KINGSTON, Jamaica, Saturday January 20, 2018 – A record 4.3 million tourists visited Jamaica last year.
And according to Tourism Minister Edmund Bartlett, that’s a 12.1 per cent increase over arrivals in 2016.
“We broke the four million mark in December and by the end of (the month) we had gone to 4.3 million arrivals. This figure comprised 2,353,461 stopover arrivals and 1,946,780 cruise passengers, providing a revenue flow of approximately US$3 billion,” he said.
Bartlett said the historic tourism out-turns for 2017 were milestone achievements for Jamaica, noting that “it is the first time that…we brought more than 500,000 additional visitors in a single calendar year”.
Noting that Jamaica earned US$2.56 billion in 2016, he said last year’s revenue inflow indicates that “we have (generated) nearly US$500 million of additional earnings in one single year”.
Against this background, the Ministry lauded the industry’s stakeholders, including entrepreneurs and workers, for their collective contribution to the exponential growth in visitor arrivals and earnings in 2017. He was also optimistic that the momentum will continue in 2018.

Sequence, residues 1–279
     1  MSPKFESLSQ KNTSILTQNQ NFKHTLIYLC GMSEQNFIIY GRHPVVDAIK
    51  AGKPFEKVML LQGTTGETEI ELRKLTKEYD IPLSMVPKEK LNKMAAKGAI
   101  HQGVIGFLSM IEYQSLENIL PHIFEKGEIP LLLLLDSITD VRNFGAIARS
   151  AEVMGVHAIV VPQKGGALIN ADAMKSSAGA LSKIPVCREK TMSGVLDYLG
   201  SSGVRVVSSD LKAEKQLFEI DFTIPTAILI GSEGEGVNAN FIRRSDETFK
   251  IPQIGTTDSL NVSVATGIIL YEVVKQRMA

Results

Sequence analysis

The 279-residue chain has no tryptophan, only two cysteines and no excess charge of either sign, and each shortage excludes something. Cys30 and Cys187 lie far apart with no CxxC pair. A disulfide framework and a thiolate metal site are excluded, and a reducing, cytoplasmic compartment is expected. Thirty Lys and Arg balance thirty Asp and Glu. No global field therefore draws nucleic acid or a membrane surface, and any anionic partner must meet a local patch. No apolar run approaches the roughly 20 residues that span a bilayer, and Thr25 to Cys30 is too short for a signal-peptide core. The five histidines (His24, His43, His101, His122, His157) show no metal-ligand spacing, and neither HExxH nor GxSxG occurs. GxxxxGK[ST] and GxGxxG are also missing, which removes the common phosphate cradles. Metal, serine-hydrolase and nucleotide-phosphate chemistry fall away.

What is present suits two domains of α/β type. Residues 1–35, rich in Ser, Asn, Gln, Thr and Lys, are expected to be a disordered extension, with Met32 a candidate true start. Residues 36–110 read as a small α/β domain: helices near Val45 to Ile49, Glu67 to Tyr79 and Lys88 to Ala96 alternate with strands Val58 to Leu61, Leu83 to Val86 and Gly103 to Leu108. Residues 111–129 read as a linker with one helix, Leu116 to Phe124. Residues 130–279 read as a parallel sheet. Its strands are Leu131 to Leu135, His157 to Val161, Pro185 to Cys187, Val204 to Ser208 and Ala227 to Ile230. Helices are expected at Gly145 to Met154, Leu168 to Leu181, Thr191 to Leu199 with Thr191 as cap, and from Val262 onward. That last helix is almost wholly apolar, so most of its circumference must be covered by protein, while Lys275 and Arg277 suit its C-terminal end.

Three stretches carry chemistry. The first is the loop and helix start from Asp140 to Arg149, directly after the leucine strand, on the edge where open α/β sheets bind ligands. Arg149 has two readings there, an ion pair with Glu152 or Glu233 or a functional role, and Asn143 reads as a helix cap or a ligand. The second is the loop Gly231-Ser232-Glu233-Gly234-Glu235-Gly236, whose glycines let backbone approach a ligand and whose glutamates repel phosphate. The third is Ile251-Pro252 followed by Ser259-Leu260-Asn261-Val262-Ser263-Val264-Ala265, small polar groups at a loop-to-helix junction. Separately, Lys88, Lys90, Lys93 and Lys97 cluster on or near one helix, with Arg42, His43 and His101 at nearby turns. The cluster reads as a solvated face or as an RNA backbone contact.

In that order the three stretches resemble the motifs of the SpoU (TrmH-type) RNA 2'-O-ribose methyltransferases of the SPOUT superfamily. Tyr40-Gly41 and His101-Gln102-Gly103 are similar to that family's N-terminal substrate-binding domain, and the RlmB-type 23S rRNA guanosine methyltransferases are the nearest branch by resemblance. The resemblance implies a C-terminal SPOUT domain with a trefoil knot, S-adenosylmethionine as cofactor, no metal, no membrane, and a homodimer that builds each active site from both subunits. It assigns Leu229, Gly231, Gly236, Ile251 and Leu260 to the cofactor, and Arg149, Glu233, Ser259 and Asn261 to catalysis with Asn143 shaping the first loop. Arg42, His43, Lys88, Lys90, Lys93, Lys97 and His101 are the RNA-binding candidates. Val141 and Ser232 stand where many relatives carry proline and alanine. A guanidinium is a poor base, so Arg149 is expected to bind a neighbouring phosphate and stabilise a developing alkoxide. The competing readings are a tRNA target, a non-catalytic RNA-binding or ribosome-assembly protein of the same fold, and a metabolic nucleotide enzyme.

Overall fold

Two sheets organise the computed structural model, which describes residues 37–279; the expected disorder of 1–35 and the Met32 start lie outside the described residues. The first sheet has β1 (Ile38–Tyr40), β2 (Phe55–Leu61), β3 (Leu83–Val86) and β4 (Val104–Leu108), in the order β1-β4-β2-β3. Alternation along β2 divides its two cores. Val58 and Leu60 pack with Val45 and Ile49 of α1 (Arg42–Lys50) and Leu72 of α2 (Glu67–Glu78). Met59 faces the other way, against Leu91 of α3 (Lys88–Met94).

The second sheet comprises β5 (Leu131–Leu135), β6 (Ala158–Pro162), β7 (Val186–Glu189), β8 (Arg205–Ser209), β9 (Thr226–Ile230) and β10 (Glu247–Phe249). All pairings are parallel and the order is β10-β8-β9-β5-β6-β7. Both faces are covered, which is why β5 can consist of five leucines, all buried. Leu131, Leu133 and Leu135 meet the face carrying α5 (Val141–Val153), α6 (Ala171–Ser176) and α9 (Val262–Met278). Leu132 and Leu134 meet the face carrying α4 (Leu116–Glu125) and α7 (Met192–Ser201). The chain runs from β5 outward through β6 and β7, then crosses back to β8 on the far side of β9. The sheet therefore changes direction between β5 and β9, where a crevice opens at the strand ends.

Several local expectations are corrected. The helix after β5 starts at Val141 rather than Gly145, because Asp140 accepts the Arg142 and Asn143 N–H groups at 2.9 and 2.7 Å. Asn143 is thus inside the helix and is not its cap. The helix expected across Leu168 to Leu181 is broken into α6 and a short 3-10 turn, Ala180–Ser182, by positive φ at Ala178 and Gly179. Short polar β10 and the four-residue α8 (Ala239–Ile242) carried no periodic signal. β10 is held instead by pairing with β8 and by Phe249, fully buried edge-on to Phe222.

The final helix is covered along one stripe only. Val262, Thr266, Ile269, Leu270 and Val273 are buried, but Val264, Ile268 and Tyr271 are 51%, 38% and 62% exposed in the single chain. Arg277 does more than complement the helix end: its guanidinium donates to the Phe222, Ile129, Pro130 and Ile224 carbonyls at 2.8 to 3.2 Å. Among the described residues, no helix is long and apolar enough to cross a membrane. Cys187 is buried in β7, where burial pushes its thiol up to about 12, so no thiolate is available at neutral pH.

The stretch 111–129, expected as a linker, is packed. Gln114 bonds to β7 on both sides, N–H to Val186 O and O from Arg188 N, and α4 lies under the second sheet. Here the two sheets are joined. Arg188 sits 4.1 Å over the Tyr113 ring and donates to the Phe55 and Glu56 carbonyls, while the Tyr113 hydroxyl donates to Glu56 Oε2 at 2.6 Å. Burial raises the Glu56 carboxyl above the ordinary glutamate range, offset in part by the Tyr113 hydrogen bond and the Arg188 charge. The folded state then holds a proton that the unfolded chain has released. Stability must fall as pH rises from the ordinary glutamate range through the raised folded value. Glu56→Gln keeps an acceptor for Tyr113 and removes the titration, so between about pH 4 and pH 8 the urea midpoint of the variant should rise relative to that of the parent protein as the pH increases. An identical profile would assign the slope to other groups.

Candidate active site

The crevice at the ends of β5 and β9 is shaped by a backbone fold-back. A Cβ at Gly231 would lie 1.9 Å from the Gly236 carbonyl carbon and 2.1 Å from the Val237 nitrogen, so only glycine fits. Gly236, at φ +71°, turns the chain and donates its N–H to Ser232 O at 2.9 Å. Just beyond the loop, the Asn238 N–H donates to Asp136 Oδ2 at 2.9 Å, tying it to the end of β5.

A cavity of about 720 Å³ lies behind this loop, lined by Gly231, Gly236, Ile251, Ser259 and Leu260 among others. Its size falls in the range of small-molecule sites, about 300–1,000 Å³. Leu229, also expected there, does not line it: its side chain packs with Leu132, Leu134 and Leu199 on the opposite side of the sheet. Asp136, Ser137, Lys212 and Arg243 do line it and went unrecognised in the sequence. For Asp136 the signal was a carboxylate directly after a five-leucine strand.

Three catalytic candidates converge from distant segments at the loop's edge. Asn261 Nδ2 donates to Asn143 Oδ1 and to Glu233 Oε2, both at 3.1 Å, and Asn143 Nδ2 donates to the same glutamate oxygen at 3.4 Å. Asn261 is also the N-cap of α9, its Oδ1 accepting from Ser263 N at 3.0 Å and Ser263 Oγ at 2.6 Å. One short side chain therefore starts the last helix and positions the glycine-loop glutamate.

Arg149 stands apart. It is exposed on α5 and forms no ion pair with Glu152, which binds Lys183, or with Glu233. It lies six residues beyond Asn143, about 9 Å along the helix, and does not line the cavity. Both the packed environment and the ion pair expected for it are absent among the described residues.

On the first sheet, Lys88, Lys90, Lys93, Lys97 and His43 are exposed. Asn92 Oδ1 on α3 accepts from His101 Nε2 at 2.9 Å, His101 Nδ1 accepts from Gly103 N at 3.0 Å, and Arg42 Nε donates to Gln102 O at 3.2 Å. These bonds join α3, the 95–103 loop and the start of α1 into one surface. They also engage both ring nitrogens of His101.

He noted that new trends developing in tourism globally are resulting in an increasing number of travellers seeking “authentic experiences” when they visit destinations.
And he contended that Jamaica is a prime destination for this emerging market, especially with the rapid rise of American online marketplace and hospitality service, Airbnb, which facilitates the ease of homeowners globally, leasing or renting their properties to tourists.
Of the visitors who came to Jamaica last year, 55,000 booked via Airbnb, up from 35,000 in 2016, “which that means that we have added over 20,000 new visitors with a different type of demand for experiences in our space”.
“These visitors are not necessarily staying in hotels. They are more likely to book via Airbnb. They want to immerse themselves in local culture – the food, music, people and communities – and I believe Jamaica is a natural attractor with its rich heritage,” Bartlett said.